News in Brief 9 June 2017 (PM)

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MINUSMA peacekeepers patrol the streets of Kidal, Mali. Photo: MINUSMA/Sylvain Liechti

UN condemns killing of three blue helmets in Mali

The killing of three peacekeepers in Mali has been condemned by the UN mission in the country, MINUSMA.

The blue helmets died in an attack in the northern town of Kidal on Thursday.

The mission's camp there initially had been targeted by indirect fire in which five peacekeepers were slightly wounded.

MINUSMA then deployed three Quick Reaction Forces Units around the base.

After the shooting, a UN observation post near the base was attacked by unidentified assailants, leaving three peacekeepers dead and three others injured.

Stéphane Dujarric is the UN spokesperson.

"The UN Mission condemns these attacks and calls on the parties in Kidal to help identify those responsible so they can ultimately be brought to justice. The Mission reiterates its determination to continue its support to the peace process and to protect the population.  We extend our condolences to the families of the fallen peacekeepers and we wish a speedy recovery to the wounded ones."

Despite terror attacks, resolve of Iraqi people will not wane: UN official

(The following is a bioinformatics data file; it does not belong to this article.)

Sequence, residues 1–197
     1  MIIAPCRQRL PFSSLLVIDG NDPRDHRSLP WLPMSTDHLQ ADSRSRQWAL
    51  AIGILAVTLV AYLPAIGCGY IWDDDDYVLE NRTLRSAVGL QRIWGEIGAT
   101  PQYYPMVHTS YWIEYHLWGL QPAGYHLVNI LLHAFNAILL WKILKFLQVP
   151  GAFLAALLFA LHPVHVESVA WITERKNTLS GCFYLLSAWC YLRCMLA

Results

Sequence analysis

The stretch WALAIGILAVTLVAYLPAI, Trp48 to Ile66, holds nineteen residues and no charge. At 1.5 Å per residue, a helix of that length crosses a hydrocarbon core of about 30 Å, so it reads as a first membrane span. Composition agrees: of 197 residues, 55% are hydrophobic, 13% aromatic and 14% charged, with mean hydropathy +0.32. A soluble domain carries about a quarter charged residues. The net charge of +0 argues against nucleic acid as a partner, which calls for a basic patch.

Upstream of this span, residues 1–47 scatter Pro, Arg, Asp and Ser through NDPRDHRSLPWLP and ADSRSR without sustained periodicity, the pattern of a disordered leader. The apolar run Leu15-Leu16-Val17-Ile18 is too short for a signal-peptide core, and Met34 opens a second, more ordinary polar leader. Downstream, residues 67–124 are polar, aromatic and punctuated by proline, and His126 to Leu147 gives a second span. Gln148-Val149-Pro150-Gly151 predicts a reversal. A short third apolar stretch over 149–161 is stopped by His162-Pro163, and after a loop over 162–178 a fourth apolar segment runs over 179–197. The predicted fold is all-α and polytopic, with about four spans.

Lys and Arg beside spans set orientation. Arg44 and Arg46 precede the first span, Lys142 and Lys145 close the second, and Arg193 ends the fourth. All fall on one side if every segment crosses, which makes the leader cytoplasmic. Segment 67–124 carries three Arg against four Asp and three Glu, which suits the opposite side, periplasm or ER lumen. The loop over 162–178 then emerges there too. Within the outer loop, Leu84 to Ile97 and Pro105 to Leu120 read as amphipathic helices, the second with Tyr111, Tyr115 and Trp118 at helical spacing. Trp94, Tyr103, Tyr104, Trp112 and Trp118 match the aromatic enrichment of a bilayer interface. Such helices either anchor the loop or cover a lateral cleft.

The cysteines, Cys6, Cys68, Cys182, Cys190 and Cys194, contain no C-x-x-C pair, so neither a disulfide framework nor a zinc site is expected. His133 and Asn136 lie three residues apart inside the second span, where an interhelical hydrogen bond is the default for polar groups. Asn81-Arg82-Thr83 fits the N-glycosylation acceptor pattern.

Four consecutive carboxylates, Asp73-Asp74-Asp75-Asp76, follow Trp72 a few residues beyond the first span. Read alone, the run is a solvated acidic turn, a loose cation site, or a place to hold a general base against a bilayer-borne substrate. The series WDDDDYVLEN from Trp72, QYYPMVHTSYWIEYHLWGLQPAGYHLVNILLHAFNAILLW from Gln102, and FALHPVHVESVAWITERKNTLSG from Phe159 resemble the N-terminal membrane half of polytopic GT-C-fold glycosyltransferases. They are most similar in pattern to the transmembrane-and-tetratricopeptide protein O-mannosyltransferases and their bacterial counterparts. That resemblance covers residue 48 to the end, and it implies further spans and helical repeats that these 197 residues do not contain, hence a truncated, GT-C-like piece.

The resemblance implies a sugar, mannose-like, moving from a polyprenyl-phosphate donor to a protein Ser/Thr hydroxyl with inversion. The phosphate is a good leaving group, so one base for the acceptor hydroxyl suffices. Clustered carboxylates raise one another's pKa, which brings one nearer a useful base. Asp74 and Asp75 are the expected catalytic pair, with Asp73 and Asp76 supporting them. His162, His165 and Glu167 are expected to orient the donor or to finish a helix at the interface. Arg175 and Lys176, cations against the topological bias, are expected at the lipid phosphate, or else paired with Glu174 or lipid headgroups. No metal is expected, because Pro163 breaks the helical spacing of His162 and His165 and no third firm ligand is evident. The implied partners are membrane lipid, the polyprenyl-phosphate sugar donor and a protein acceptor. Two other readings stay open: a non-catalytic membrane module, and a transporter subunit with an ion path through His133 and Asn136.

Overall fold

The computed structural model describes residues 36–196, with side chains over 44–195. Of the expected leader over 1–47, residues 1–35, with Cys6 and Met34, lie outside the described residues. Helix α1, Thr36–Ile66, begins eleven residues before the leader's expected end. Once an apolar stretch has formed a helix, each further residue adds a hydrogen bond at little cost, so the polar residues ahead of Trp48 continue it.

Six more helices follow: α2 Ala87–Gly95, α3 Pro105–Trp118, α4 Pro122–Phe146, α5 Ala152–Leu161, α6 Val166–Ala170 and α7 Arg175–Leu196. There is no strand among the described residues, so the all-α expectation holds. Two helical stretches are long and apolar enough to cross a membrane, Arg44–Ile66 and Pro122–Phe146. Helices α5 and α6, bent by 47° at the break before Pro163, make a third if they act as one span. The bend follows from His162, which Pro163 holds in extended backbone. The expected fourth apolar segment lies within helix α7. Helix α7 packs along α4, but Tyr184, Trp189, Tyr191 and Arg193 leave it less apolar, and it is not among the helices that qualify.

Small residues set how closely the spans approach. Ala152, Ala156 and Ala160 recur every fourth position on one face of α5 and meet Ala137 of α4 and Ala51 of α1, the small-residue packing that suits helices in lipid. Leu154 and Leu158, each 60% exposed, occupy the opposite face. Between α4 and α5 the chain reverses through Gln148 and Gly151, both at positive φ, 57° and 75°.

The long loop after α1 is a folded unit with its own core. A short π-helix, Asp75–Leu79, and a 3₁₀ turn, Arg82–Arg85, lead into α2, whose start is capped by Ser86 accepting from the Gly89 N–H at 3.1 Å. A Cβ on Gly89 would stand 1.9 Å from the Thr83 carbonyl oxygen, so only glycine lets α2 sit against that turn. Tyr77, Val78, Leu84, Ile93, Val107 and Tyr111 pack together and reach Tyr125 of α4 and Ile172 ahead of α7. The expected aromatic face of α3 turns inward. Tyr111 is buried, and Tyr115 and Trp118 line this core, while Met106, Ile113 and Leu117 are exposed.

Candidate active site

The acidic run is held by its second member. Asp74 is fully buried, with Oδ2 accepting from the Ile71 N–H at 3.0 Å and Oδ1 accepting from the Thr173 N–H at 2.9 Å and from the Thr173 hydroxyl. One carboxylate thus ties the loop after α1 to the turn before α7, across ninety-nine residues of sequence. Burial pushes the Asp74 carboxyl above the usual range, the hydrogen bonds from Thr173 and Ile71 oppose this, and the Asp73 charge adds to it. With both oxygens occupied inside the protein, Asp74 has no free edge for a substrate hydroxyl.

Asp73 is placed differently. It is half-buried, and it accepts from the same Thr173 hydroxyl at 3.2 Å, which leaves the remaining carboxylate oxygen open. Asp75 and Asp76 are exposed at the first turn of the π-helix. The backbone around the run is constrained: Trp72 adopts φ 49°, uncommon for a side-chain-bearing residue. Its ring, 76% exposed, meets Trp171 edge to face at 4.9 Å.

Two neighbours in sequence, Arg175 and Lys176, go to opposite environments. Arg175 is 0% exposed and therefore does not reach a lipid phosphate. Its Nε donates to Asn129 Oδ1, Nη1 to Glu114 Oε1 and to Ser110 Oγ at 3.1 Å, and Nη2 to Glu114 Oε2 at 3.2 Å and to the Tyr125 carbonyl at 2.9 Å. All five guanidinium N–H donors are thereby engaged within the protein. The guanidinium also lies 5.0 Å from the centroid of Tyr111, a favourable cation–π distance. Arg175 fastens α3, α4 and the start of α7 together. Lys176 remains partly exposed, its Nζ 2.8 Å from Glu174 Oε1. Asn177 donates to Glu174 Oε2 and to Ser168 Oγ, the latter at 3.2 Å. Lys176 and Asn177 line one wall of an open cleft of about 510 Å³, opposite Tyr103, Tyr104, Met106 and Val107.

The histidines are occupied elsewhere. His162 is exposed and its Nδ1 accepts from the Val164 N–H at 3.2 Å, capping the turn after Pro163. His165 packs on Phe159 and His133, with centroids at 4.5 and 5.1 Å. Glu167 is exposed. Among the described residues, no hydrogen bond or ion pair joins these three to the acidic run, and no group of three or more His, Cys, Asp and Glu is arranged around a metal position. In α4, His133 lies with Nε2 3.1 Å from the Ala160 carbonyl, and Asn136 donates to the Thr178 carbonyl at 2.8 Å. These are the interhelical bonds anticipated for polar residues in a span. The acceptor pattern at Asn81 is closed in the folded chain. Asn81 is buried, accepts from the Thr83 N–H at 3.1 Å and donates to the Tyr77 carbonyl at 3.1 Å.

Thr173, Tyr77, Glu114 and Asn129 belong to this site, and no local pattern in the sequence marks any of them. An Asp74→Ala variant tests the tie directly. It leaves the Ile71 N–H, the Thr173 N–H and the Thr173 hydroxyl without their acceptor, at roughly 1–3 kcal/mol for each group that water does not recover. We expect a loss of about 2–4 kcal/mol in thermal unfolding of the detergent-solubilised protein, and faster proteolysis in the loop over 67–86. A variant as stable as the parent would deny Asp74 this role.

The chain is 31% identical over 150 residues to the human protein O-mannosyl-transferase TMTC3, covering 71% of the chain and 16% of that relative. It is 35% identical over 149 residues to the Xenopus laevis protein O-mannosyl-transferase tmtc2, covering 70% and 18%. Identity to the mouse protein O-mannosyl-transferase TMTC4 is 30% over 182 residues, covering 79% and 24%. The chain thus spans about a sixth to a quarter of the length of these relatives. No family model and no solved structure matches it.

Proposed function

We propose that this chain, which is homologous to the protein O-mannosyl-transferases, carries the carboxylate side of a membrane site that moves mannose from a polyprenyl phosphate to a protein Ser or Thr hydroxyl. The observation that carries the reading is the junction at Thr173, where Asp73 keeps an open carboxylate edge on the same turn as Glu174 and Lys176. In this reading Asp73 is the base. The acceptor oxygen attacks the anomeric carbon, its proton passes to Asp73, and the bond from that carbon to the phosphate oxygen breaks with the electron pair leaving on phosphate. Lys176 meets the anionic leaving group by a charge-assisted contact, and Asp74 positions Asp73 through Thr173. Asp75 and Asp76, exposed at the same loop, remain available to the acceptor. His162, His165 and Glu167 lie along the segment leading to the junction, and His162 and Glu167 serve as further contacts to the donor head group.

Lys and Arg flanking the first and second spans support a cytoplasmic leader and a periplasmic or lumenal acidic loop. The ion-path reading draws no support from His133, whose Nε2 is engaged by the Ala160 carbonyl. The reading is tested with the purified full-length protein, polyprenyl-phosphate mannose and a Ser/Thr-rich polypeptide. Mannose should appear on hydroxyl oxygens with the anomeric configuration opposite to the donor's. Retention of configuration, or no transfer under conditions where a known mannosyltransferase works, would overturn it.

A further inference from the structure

A suicide bombing which killed upwards of 20 people in Iraq on Friday has been strongly condemned by the senior UN official in the country.

The incident occurred at a crowded market in the town of Mussayib, south of the capital, Baghdad.

In a statement, Ján Kubiš, head of the UN mission in Iraq, said "terrorists continue to disregard the Holy Month of Ramadan and continue to murder innocent people, showing how cowardly they are."

He added that regardless of the action of terrorists, the resolve of the Iraqi people will not wane.

 Fighting food fraud with nuclear technology

Scientists from 13 countries are helping two UN agencies to tackle a billion-dollar problem: food fraud and contamination.

Through a project run by the UN nuclear energy watchdog, the IAEA, and the Food and Agriculture Organization (FAO), they are developing low-cost handheld devices that will help detect adulterants, contaminants and mould in food.

The devices will use nuclear-based technology that is being used by border police in the detection of illicit drugs and explosives.

Food fraud is estimated to cost the global food industry between US$10 billion and US $15 billion dollars annually, according to one study.

The figure represents around 10 per cent of all commercially-sold food products.

Dianne Penn, United Nations.

Duration: 2’27″

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